Douglas D. Payne

Douglas D. Payne, 62, of Conewango Valley finally found peace on June 17, 2018, following a lengthy illness.

Born Aug. 15, 1955, to the late Donald and Shirley Little Payne, Doug attended Falconer Central High School. After school, Doug worked for Barmore & Sellstron for a time, later working on the Cowen dairy farm. Doug eventually bought and ran his own dairy farm before realizing the open road was for him. Doug began his truck driving career with Davis & Randall in the early 80s. He then drove for DeMarco Trucking and Petris before purchasing his own trucks and operating authority. Prior to his illness, Doug ended his career driving a log truck for Timberland Associates. His dream was to load one more before passing.

Doug enjoyed watching and playing all types of sports. We will never forget the whiffle ball tourneys in the backyard. Or the “hurricane” he pulled behind his boat. Doug was a kind and caring person with a story for everyone with time to listen. He will be remembered and missed by all who knew him.

Doug is survived by his companion of 34 years, Tina Delahoy; three children: Brenin (Shelly) of Kennedy, Breann “Breezy” of Jamestown and Kristi of Conewango Valley. He is also survived by two stepchildren: Joshua (Lynelle) Delahoy of Conewango and Erica Delahoy of New Jersey; nine grandchildren: Brett and Jacob Payne from Kennedy, Jayden Michener of Jamestown, Deven (Alexis) Schultz stationed in Germany, Natalie Delahoy stationed at F. Elgin, Fla., Tallon and Breadan Delahoy of Conewango, Alex and Jacob Chapman of Ellington; and his nephew, Jeremy Enquist who looked to him like a father figure, Doug was proud of each of his children’s accomplishments. Doug is also survived by his Uncle Greg and Aunt Audrey Little of Sinclairville, who meant the world to him as did his uncle Uncle Steve Little of Ellington and numerous nieces, nephews and cousins. Doug was blessed to reconnect with family members before leaving us.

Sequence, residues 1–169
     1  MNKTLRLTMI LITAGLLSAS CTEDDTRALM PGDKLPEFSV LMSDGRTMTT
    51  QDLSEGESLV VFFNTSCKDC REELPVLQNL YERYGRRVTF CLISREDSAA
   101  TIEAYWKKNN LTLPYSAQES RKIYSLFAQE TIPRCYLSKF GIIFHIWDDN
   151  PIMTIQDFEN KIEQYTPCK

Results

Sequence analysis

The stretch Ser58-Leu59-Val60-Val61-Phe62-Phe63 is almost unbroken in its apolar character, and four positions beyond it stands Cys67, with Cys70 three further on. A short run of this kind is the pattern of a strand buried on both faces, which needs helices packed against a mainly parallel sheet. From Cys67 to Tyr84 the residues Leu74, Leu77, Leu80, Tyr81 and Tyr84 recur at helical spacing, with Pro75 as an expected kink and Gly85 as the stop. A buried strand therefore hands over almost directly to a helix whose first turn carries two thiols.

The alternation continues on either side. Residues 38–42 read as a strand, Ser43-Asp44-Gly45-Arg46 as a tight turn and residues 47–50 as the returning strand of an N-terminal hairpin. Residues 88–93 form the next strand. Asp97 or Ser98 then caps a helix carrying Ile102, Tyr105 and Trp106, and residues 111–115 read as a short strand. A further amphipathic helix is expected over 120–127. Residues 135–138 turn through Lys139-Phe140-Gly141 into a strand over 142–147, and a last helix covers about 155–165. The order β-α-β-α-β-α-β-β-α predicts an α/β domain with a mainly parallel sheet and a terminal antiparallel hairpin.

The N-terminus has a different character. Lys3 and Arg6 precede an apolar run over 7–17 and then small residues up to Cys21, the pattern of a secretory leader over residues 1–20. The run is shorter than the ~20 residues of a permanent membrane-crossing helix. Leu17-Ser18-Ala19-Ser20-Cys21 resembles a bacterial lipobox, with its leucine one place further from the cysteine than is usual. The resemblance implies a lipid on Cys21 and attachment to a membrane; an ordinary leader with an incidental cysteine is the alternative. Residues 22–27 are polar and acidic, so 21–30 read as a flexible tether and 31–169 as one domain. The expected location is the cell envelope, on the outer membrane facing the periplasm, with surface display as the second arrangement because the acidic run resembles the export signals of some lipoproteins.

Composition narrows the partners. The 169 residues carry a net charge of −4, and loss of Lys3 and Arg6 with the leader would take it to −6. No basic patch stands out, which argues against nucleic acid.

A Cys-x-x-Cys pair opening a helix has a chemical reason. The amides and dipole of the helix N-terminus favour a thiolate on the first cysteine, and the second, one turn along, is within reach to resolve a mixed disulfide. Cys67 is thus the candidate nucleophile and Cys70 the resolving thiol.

Doug is preceded in death by both his parents; his sister, Leslie Enquist; and brother, Robert.

Doug’s favorite song starts with “I know your life on earth was troubled, but only you could know the pain.” Doug, it’s now your time to rest high.

Doug’s choice was to donate his body to UB School of Medicine. No services will be observed.

A memorial service will be announced at a later date.